Kuniyoshi, A Comparison of the Ogura 100 Poets 5b - Yozei-in

Utagawa Kuniyoshi (1797-1861) A Comparison of the Ogura One Hundred Poets #5b: Yozei-in, 1847. Oban.

Kuniyoshi’s unparalleled design skills are outstanding in his contribution to the series of One Hundred Poems by One Hundred Poets, published in 1847. Three artists were involved in this lavish production - Kuniyoshi, Kunisada and Hiroshige - the three most prominent woodblock print artists of their day.

Sheet number 5 illustrates an episode from the famous saga of the revenge of the Soga Brothers. More information on this, one of the most famous of Japanese stories and kabuki plays, can be found in the notes for the Hiroshige series of prints of the Revenge of the Soga Brothers. Kuniyoshi is especially good at puns, allusions and metaphors. In this print of a poem by Saramaru Dayu, the young Soga, Juro Sukenari, (called Hakoomaru in his youth) is shown clasping an elaborate robe, a sword and a letter. There are no clues to the meaning of the portrait and the relationship to the poem itself is incidental. The picture relates to a scene after the assassination of his father when he is sent to a mountain monastary for instruction. His mother has written to him, (the long letter) and enclosed a gift (the robe). The robe is decorated with Autumn flowers, depicting the time of the year that the scene is set, his clothes are decorated with stag horns and maple leaves, alluding to the autumnal hunt on which his father was ambushed and killed. He grasps a sword - an unsuspecting gift from his father’s assassin, made on a visit to the monastery and prefiguring his own death at Juro’s hands in years to come. The poem reads:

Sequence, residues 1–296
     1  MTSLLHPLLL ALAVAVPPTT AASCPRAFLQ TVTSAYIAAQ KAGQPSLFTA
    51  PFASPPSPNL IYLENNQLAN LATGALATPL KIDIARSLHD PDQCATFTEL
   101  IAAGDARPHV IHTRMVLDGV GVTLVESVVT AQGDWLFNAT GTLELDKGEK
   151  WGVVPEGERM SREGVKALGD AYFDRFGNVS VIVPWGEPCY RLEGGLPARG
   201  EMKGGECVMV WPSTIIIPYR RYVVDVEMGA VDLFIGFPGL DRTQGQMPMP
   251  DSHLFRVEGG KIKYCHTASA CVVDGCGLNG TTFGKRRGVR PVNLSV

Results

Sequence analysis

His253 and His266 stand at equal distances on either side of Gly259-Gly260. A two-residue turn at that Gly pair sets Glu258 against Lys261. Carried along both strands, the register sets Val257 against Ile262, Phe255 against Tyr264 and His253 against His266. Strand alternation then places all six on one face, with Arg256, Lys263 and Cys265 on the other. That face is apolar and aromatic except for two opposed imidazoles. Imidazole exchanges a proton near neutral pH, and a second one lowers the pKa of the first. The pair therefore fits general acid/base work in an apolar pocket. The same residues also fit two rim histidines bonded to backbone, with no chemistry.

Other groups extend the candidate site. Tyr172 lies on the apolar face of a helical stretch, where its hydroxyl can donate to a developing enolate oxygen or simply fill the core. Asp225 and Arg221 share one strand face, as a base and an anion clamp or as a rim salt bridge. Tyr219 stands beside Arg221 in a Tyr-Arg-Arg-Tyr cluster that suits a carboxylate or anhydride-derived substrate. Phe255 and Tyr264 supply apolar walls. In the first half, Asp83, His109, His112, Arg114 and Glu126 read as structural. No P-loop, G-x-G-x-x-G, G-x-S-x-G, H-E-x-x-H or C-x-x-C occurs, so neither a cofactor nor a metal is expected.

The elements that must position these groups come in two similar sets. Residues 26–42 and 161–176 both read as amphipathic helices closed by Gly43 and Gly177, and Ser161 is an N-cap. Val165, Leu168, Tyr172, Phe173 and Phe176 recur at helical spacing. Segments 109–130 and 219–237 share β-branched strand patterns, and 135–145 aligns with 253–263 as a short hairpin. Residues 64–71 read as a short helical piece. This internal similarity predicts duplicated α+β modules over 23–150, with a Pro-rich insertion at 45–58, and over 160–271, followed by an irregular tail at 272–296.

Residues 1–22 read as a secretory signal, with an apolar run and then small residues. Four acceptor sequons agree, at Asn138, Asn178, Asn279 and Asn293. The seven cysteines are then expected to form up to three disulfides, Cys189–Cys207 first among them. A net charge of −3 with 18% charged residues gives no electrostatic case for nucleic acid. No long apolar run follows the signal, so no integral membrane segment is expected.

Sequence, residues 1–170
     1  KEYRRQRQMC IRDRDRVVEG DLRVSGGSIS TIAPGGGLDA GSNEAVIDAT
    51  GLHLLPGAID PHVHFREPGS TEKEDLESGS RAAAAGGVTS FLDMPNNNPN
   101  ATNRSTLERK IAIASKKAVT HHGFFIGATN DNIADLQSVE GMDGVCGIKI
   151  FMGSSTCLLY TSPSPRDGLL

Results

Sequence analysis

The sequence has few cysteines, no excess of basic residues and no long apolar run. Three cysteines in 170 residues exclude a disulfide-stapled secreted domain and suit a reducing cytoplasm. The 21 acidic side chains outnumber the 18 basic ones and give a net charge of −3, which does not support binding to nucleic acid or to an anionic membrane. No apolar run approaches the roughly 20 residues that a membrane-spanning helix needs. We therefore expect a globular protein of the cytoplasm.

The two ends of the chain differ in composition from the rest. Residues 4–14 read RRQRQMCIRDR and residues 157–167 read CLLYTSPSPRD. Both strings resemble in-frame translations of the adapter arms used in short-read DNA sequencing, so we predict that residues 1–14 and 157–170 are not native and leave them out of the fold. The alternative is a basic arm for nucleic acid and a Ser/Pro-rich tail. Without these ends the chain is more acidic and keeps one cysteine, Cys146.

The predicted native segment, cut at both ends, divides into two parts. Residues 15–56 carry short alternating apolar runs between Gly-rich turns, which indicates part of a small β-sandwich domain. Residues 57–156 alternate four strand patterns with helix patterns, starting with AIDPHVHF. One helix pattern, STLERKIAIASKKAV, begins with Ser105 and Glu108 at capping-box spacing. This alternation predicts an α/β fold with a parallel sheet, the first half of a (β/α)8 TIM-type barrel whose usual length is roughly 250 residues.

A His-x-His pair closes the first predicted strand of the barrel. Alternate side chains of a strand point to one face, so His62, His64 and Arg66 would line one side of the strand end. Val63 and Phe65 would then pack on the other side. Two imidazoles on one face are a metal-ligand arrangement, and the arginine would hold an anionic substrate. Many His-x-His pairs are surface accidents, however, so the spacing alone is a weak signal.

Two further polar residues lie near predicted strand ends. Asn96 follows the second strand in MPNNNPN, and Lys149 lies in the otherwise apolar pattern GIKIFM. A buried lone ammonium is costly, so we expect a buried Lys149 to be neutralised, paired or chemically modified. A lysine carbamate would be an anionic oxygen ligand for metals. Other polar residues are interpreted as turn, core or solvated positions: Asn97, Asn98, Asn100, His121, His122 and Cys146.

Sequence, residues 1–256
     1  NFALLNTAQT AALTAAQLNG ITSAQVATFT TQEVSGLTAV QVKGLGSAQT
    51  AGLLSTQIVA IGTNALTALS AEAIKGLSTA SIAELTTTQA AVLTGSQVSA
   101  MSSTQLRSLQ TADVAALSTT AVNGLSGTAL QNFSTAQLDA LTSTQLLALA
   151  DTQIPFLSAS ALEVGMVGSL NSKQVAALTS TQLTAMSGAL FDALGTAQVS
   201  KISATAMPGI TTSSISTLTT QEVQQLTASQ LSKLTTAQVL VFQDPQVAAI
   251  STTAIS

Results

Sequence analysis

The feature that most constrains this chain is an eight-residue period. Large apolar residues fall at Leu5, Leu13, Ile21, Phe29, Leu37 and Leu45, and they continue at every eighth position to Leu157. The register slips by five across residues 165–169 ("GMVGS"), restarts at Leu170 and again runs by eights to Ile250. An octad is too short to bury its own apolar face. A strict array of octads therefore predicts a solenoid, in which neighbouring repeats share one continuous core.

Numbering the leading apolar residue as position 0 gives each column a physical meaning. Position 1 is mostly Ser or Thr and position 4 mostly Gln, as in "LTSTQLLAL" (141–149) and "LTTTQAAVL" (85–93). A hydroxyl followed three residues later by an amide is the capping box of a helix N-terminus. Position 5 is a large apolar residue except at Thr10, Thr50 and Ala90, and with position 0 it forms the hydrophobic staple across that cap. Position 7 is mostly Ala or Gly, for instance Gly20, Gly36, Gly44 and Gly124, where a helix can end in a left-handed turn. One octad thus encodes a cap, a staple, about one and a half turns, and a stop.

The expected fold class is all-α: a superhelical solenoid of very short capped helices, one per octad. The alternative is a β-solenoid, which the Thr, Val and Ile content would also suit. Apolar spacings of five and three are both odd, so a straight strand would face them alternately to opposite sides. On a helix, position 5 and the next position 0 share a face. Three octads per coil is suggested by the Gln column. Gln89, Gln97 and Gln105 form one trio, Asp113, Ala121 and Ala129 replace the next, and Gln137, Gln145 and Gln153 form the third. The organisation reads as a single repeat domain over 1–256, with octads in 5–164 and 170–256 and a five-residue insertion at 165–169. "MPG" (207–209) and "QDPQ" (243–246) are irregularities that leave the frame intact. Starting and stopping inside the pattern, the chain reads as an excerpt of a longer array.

When I hear the voice
of the stag crying for his mate
stepping through the fallen leaves
deep in the mountain -
    then is the time
that autumn is saddest

Kuniyoshi is clearly relating the sorrow of the stag calling for its mate in the autumn, with the grief of the boy for his father, fallen on a hunting expedition.

This is a very nice print indeed. The colour and impression are very fine. It is trimmed to the image as is often the case with this series, otherwise no damage issues.